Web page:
Many admit they were “protest voters” who were “fed up with the status quo”. But as far as I can tell, leaving the EU isn’t go to solve many of the problems they cited. Worse yet, I think a lot of our tax dollars are going to be spent on legal fees disentangling ourselves from the laws and institutions that were put in place exactly for the purpose of tying all these countries so tightly together so they would never fight again.  And I don’t think the outcome (should it ever actually be achieved!) is actually going to improve Britain’s position in the world.  In short, I think it’s going to cost an arm and a leg for very little actual benefit.

Oh it’s so infuriating! Honestly if the Leave campaign had a plan perhaps I wouldn’t be so mad. But you all know how unimpressed I am when there’s no coherent plan. And that idiotic Labour party! Now’s the time to come together and triumph — not disintegrate into a steaming pile of…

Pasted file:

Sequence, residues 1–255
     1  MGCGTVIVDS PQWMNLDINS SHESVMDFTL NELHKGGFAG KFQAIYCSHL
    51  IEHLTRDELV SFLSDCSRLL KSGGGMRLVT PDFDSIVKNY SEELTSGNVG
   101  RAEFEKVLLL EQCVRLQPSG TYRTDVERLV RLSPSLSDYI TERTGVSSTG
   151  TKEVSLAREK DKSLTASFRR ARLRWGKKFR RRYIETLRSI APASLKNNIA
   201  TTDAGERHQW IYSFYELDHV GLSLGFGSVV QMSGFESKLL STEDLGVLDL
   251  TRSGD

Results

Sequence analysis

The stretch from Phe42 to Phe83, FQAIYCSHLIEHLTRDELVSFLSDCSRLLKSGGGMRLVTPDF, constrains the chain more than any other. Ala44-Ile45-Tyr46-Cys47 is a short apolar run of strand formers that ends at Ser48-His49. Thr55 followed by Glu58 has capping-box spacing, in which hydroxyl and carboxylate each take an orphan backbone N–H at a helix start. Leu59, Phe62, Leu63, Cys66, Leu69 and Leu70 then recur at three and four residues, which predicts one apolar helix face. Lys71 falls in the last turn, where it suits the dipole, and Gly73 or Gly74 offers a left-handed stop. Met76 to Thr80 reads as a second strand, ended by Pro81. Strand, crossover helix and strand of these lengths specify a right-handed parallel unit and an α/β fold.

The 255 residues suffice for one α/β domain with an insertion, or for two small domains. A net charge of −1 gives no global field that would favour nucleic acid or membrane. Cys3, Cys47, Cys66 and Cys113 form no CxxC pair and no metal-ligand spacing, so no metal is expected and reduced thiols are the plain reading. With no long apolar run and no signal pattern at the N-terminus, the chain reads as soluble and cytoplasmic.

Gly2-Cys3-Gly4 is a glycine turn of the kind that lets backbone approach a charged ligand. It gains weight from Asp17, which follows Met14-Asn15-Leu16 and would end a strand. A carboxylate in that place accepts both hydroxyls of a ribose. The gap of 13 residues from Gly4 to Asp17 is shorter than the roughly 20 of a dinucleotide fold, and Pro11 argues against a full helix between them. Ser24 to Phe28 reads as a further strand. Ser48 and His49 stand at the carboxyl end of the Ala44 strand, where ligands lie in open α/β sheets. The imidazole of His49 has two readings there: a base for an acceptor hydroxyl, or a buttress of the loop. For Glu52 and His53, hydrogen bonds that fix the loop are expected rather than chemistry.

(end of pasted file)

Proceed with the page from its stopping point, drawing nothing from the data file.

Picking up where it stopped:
Perhaps I should move onto more mundane happenings of less global importance.  Here we are on a trip to the Wye Valley, a very pretty part of the country just to the northeast of Cardiff.  This is a nice little town called Ross-on-Wye…

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… where some of the buildings date back to the 1500s.

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We explored the river at Symonds Yat — sadly the camera was forgotten in the car — it was a beautiful gorge with nice pubs on the side.  Then past Tintern Abbey, an incredible site.  I’ve just read about it on Wiki — it was inhabited by monks between 1136 and 1536, until King Henry the VIII’s “Dissolution of the Monasteries”.

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We continue to take advantage of our National Trust membership and headed out to Tredegar House near Newport — a fitting visit as the house was home to the Morgan family for over 500 years!

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As with many National Trust properties, the grounds are beautiful and well-maintained and just lovely to walk around and enjoy.